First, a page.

This is a scenario I've come up with to help me understand key images.

Let's say I have Wallet 1 and Wallet 2. Wallet 1 has TXO A and TXO B. I send TXO A and TXO B as inputs to Wallet 2. TXO B was reduced to pay transaction fees. Then I send TXO A and the updated TXO B as inputs back to Wallet 1. TXO B was reduced further to pay transaction fees. What I'm left with that concerns me is TXO A.

Based on my rudimentary knowledge of key images, I know that a key image was generated as part of the first transaction (the send from Wallet 1 to Wallet 2). That key image, in layman's terms, says that Wallet 1 spent TXO A (and TXO B, of course), so it can no longer spend TXO A again.

But now TXO A is back in Wallet 1, unchanged (as far as I know) from its original glory. Will the key image be different the second time around, so that Wallet 1 is not prevented from spending TXO A again? Does the original key image have an effect on the ability of Wallet 1 to spend TXO A the second time?

(Please recall from the title that I'm interested in the ingredients - perhaps "variables" is the technical term - for how a key image is generated.)

up vote 4 down vote accepted

When you send TXO A, it doesn't stay unchanged in wallet 2, it it now a new TXO A2 (with a one time address for wallet 2) that can't be linked with certainty to TXO A because of the ring signature.

According to the CryptoNote whitepaper, the key image is computed from the one-time key pair associated to the transaction output:

I = x*H(P)

where:

I is the key image
x is the one-time private key
P is the one-time public key (point P = x*G)
H is a deterministic hash function

If you try to spend TXO A a second time, the network will reject it because the key image for TXO A will already be in the known key images set. But when you spend TXO A2 (back to wallet 1), it will work fine because the key image for TXO A2 is different from the key image for TXO A (because these two TXOs are associated to different one-time key pair).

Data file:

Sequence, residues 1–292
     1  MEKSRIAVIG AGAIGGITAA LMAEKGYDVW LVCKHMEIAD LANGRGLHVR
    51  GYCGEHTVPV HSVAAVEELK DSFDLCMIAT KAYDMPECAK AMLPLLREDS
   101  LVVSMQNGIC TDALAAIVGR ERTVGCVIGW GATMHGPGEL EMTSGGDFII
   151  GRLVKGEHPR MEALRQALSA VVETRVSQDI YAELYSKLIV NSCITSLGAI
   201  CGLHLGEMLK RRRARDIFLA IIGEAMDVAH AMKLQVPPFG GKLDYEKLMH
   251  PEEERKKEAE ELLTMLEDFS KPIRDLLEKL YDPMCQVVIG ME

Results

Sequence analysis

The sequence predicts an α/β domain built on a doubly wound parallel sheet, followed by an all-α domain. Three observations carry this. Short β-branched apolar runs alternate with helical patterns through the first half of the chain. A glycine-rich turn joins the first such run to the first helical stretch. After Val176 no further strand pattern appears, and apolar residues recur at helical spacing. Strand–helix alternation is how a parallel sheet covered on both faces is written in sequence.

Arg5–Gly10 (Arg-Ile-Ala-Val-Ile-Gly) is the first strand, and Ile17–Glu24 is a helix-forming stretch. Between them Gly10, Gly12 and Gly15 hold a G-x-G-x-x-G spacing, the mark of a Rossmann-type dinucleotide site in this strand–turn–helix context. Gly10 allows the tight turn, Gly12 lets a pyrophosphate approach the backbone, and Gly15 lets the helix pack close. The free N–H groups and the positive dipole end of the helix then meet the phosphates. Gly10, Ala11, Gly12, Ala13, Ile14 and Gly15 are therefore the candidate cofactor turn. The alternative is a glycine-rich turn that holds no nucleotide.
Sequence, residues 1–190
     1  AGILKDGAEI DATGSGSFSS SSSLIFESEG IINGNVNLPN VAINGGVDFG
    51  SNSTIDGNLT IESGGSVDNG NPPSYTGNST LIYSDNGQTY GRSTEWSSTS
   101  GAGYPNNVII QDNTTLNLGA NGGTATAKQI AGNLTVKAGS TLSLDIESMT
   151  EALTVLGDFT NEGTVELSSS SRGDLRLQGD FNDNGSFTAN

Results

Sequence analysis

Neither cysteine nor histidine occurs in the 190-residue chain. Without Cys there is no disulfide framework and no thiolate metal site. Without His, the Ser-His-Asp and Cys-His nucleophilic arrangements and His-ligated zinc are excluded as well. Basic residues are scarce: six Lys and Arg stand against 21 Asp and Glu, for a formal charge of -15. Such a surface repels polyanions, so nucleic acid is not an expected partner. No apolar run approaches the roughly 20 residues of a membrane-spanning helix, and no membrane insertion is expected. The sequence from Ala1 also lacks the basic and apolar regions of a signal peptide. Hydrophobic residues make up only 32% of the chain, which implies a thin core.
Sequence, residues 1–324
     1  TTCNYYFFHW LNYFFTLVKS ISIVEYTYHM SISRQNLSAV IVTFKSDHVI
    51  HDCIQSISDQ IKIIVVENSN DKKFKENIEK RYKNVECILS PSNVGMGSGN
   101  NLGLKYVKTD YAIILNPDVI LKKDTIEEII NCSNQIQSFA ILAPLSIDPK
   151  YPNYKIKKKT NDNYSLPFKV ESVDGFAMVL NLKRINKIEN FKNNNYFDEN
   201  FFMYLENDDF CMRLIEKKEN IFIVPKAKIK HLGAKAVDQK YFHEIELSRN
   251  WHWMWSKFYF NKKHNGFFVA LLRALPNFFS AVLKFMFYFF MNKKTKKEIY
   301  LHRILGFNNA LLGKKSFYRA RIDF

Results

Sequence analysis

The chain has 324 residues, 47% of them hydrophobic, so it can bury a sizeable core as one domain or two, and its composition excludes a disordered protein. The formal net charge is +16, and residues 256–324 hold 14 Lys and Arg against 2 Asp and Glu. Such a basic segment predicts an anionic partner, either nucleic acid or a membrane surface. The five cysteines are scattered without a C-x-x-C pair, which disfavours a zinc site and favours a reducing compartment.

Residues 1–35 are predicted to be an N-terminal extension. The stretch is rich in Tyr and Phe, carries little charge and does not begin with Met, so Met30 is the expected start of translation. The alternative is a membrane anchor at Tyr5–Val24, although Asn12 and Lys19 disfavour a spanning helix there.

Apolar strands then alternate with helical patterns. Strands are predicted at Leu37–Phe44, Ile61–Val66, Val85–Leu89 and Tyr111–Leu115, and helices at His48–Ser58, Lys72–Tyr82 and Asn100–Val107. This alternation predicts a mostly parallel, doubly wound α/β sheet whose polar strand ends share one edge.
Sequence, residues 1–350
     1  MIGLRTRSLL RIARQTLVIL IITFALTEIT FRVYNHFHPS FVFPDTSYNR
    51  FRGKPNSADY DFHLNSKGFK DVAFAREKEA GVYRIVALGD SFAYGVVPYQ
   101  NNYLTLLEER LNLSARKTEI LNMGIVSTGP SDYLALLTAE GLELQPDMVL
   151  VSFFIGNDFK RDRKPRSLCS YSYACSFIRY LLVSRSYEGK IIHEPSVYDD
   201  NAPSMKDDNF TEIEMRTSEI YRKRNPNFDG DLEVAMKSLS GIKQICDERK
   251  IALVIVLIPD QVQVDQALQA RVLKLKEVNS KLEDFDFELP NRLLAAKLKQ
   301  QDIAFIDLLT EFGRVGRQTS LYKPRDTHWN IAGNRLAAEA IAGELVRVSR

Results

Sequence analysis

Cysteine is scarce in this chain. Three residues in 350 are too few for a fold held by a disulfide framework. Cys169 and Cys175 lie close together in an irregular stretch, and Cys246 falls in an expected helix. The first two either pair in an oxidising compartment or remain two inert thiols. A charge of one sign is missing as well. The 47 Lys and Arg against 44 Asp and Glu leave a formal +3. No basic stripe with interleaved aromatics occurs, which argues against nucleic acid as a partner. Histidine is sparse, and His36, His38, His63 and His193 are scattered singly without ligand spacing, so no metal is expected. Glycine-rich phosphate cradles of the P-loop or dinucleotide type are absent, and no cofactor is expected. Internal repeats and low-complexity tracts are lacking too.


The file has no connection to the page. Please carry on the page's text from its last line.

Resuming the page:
• That makes sense (well the words.. I'll need to dig into the whitepaper and the math more deeply), but I'm actually concerned with TXO A3, for sending from Wallet 1 a second time. Will x and P be the same in the key image spending TXO A3 as they were when spending TXO A, but H will be different? – scoobybejesus Oct 11 '16 at 15:13
  • You might be missing the one-time property. x and P are always different for different outputs. – Luigi Oct 11 '16 at 15:59
  • This answer is good as far as the "ingredients"; perhaps a different question would be in order for understanding them more fully, or maybe editing this question. A key image is simply an additional public key for x computed on a different base (a hash of the public key on base G). A ring signature signs for both public keys (P,I), but due to the multiple public keys (at mixin>0), it's unknown which one I belongs to. – Luigi Oct 11 '16 at 16:07
  • I did read "one-time." I don't understand how x and P have that property (I guess it means x and P are derived from my keys, but they aren't actually my keys), but I appreciate you enforcing that point, so at least now I have something specific to look further into. Thanks very much. – scoobybejesus Oct 11 '16 at 16:08
  • 1
    No, no. You submit P and I, but P as part of a list of Ps, and I as the key image. :) They are both public keys, though. All curve points are a public key for some x and some generator (base) point. For example G is the public key for x^-1*P where P = xG. – Luigi Nov 28 '16 at 17:31

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